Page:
4. essential conditions. They are separately necessary and conjointly sufficient to delineate a communicative action.
If we think about emotional expression as a speech act then it can be quite confusing. After all, the whole idea of emotionality is that it is beyond or, if preferred, behind the words (if, indeed, there are words at all.) So, it is better not to think of emotional expressions as forming speech acts, but rather as involving message acts. The key difference between a speech act and a message act is that the latter de-emphasizes the verbal. Rather than putting the linguistic in the forefront as the primary carrier of information, the message act views communication as a package of information drawing on various forms of communication and as many modes as required. Indeed, being realistic about language and communication quickly leads one to the conclusion that words are merely a small part of the communication process. Yet, for some reason, words are glorified to the extent that other forms of communication are relegated to peripheral roles.
Van Eemeren & Grootendorst (1984:22) state: “… we believe we may … say that the understandability of illocutionary acts in colloquial speech depends strongly on pragmatic conventions. One indication is that implicit and indirect illocutionary acts are as a rule understood perfectly and the speaker can also assume in principle that they will be understood, so that it is plausible that other conventions besides strictly semantic ones will (also) play a role.” In other words, there’s no real argument but that a good deal of communication, even speech acts, takes place “implicitly” or “indirectly”, i.e., without words. So, words are not required for communication.
What then is the relationship between words and language? I have no difficulty at all in conceptualizing language as containing words as one communicative tool, but since we know that words alone are imprecise and underdetermine meanings, other clues are required. This is important: Nondiscursive communications are required in order to clarify discursive communication. Words alone tell us nothing, or, mislead us as to the intended message. (See Willard, 1989:91-111.) Out of context, in isolation, removed from innuendo, action, nuance, tone, insight, history, and interaction words require great precision to communicate clearly. The most carefully wrought legal decisions, the most precisely worded academic tracts are subject to misinterpretation, heated dispute as to meanings, involved analyses, and even, today, deconstruction. A position’s being put into words is hardly a guarantee that it will be clear and unambiguous. Meanings are not manifest.
Expressive speech acts are, at the very least, the handmaiden of meaning. When genuine, (a requirement for any speech act,) they can clarify, amplify, and precise the intended message. Is a particular sequence of words to be taken as a threat? Or a warning? Or a description? This may depend on the degree of anger evinced in an associated expressive speech act occurring concurrently with the illocutionary speech act. Alternatively, as in an argumentation, we might want to say that a given speech act can be viewed or re-interpreted through the various modes. This would mean that a proposition expressed by a speech act would itself not be understood linguistically, but be re-interpreted as a message with manifold aspects. Indeed, we pay lip service to the idea that propositions are not invisible sentences, but when the chips are down they are always treated that way.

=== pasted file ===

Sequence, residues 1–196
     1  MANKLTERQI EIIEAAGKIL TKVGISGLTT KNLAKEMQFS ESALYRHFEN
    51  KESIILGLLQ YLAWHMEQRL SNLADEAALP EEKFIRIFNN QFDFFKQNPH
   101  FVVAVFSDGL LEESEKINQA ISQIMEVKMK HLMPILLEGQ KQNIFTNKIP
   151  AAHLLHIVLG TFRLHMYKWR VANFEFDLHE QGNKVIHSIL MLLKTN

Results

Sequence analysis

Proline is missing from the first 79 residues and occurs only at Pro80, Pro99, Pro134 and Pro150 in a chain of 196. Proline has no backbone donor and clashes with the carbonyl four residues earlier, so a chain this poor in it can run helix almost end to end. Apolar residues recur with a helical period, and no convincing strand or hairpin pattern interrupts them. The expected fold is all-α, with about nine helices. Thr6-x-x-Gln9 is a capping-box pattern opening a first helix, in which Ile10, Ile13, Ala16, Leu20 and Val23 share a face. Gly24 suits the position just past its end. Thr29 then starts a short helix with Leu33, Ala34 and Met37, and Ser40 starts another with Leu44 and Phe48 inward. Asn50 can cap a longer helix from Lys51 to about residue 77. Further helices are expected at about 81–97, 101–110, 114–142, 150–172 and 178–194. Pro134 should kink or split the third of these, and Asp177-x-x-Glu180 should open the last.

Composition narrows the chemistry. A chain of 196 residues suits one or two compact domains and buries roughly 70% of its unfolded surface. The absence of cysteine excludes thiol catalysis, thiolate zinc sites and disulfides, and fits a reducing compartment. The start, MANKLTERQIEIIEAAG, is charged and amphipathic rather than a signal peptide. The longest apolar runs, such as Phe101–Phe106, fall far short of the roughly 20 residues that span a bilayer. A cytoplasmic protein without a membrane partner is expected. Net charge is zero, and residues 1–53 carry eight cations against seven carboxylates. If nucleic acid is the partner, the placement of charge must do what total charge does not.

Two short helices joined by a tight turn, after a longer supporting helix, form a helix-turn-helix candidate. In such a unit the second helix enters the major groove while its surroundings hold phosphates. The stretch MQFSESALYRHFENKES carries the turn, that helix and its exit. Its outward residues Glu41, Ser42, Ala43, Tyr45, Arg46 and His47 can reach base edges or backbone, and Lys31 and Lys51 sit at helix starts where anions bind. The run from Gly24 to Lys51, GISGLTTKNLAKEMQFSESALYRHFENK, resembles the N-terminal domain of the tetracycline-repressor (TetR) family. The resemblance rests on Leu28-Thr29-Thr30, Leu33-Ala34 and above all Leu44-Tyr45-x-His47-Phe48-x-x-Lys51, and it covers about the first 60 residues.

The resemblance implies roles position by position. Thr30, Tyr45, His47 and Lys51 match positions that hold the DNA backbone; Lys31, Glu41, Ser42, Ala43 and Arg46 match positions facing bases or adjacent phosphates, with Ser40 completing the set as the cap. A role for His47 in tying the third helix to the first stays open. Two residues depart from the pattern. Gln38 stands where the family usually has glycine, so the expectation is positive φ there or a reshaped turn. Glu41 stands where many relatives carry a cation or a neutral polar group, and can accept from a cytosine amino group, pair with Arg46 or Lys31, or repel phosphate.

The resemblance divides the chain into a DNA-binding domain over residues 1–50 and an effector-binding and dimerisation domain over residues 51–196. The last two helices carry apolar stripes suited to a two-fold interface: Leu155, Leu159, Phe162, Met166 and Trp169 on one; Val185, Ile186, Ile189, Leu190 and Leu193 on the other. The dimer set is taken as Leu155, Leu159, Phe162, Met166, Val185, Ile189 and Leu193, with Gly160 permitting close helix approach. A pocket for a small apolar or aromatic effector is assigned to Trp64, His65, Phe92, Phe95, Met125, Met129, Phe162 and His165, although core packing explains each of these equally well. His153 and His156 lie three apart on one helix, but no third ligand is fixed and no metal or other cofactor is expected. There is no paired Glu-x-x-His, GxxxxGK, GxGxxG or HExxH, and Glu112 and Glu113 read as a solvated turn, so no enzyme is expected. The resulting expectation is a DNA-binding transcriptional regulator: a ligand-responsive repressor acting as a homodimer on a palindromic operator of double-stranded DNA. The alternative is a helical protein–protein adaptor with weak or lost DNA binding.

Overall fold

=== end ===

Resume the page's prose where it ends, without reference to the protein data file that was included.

The desire among rationalists, or, as I prefer, neo-logicists, to embrace precision and vainly seek the rules and procedures that will render arguments clear and unambiguous icons of reason is understandable. Virtually every Argumentation Theorist is in the field because she believes that the study of argumentation, its advancement and propagation will lead to a better, less violent world. Animals fight over territory, slay each other, and behave in brutish non-rational fashion, or so it is thought and so the entire history of Western philosophy leads one to believe. And the crucial difference between ourselves and The Animals is that we have language, or, more accurately in some instances, a finer and richer language. We think, speculate, form hypotheses, create theories, and otherwise use our mental talents for amusement and diversion. Animals do not do this. They do not have competing theories of the creation of the world, they do not argue interminably over the legitimacy of mind-body dualism, they do not even play Scrabble. So, if we are going to be “better” or “higher” than our animal cousins, we must rely on that talent we have that they do not: I.e., the ability to use a word processor (I know that anthropologically adept listeners will have tales of apes and chimps that can read and write. I would mention them myself, but I am concerned not to alarm our confreres).